Durham Housing Authority in need of more repairmen as work orders pile up in public housing

North Carolina

DURHAM, N.C. (WNCN) – From floors caving in to leaky ceilings, many families who live in Durham public housing are having to wait months for repairs to be done.

The latest data from the Durham Housing Authority showed that it had a backlog of 1,423 work orders in May.

During a town hall meeting hosted by Rep. Zack Hawkins on Tuesday night, DHA’s CEO Anthony Scott said more maintenance workers are needed to help them get caught up on the backlog.

“Our response time is going to be directly tied to staffing availability,” Scott said.

CBS 17 asked Scott during the town hall how many of DHA’s maintenance worker positions are vacant, but Scott said he didn’t have those numbers.

Scott said they have brought in some temporary workers to help address the backlog. He said next week the Durham Housing Authority will be posting maintenance worker positions.

He added that they have struggled to recruit workers, and they have gone back to adjust the salary and make it more competitive.

“We wanted to make sure that we were being competitive so we could attract good quality maintenance workers,” Scott said.

The Durham Housing Authority has also been working on a maintenance repair hotline for months that’s expected to make it easier for families to submit work orders. The latest projected launch date for that hotline was supposed to be mid-July, but during Tuesday night’s meeting, Scott said the launch date for the hotline has been delayed.

While there were talks in the spring to have the hotline launched as early as May, the targeted launch date has now been moved to early August.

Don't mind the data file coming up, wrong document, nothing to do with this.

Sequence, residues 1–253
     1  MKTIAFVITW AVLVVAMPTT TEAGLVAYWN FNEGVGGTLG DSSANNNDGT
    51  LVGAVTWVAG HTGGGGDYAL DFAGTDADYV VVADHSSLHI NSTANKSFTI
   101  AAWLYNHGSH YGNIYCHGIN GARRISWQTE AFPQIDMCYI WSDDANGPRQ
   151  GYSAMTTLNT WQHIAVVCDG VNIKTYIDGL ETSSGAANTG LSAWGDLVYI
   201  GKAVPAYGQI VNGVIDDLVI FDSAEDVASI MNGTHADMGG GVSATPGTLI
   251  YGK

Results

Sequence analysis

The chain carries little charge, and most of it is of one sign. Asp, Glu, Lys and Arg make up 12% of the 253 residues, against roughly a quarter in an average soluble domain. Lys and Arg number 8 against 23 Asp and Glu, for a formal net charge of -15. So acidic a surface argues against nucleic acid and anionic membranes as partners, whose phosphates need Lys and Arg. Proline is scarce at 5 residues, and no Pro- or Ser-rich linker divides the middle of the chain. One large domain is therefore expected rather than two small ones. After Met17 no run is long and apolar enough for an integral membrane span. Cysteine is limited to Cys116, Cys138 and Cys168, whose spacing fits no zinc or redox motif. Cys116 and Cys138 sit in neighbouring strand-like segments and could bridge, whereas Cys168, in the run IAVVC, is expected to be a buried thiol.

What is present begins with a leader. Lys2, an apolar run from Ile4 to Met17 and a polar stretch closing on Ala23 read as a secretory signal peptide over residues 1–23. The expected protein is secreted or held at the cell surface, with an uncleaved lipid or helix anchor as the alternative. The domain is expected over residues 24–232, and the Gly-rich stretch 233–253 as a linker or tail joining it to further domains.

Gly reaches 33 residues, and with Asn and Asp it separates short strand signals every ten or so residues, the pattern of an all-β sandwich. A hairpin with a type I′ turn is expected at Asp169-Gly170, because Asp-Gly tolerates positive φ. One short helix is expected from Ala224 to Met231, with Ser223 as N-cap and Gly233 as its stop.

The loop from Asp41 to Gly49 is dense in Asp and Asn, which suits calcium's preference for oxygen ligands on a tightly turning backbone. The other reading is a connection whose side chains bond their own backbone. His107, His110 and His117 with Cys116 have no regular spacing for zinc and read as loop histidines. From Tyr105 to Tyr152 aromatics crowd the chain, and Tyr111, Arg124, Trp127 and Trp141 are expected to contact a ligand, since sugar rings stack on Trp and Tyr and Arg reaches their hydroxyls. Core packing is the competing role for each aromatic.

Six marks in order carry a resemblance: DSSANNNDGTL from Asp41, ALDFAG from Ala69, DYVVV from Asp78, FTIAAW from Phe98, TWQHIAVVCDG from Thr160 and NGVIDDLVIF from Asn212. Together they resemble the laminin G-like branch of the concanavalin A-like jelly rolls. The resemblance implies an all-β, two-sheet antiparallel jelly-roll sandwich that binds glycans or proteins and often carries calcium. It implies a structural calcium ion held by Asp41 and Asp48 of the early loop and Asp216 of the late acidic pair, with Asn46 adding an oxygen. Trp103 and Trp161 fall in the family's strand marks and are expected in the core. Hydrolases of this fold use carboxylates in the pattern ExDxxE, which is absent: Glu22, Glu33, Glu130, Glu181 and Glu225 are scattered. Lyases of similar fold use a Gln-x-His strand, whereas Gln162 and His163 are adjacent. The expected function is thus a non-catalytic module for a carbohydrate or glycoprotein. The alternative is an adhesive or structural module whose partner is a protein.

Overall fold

“We’re dealing with some red tape. We have to make sure that the vendor has full access to our work order system,” Scott said.

But families who live in public housing argue that DHA should be doing more to address the problems in their apartments.

“It’s tons of excuses that DHA is making, and we’re done with the excuses,” said Corinthia Rainey, a mom of two kids who lives at McDougald Terrace.

Rainey showed CBS 17 where water leaked from her upstairs bathroom into her kitchen downstairs and ruined her cabinets.

“I had a leak and it flooded everything,” Rainey said.

She said maintenance did come fix the problem the first time it happened, but it still leaked after that.

“I’m still scared to put food there because that’s hundreds of dollars of food getting ruined,” Rainey said.

Rainey said she is also dealing with mold, windows that don’t always lock, and stair treads coming up from the stairs in her apartment.

“I call, but it takes them months and months to fix things,” Rainey said.

Rainey argues that DHA should be doing more to address the problems in public housing.

“There’s no reason how you can sleep comfortable in your bed knowing that there’s thousands of families out here with all these problems, and it’s your fault,” Rainey said. “It’s your fault for not getting the proper people in to get the proper work done.”

Scott said the Durham Housing Authority is also working on getting more contracted employees to help with the backlog of work orders. He said DHA is still waiting on HUD to approve this request.

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